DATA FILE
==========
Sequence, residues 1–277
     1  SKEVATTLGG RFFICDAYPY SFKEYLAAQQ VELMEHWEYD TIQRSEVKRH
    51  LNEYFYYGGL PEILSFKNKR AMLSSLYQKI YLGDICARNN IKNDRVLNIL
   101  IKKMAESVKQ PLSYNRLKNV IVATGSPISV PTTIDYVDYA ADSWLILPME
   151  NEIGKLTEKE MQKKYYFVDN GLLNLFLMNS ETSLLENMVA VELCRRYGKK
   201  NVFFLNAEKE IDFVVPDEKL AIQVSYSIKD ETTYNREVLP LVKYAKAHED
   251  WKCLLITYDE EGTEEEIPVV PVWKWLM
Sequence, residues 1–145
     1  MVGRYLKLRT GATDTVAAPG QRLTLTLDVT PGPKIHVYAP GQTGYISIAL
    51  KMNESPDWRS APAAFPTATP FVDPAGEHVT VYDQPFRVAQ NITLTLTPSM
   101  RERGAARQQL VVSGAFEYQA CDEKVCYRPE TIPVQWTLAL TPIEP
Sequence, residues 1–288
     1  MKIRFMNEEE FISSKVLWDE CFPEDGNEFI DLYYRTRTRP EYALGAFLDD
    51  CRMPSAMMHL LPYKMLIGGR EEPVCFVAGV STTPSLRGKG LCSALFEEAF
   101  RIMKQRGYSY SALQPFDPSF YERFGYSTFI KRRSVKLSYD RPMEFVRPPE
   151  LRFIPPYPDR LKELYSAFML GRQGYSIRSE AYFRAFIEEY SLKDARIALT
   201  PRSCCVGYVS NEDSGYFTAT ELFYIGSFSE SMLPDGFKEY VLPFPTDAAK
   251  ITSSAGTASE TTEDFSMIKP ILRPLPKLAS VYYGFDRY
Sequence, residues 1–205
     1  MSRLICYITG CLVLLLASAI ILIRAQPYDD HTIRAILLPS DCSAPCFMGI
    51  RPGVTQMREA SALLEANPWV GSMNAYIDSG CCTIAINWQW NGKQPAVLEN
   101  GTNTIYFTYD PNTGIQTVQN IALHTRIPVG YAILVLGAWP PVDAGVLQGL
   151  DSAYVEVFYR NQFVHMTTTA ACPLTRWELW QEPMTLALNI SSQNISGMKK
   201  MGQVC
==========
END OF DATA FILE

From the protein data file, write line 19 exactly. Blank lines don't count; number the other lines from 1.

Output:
Sequence, residues 1–205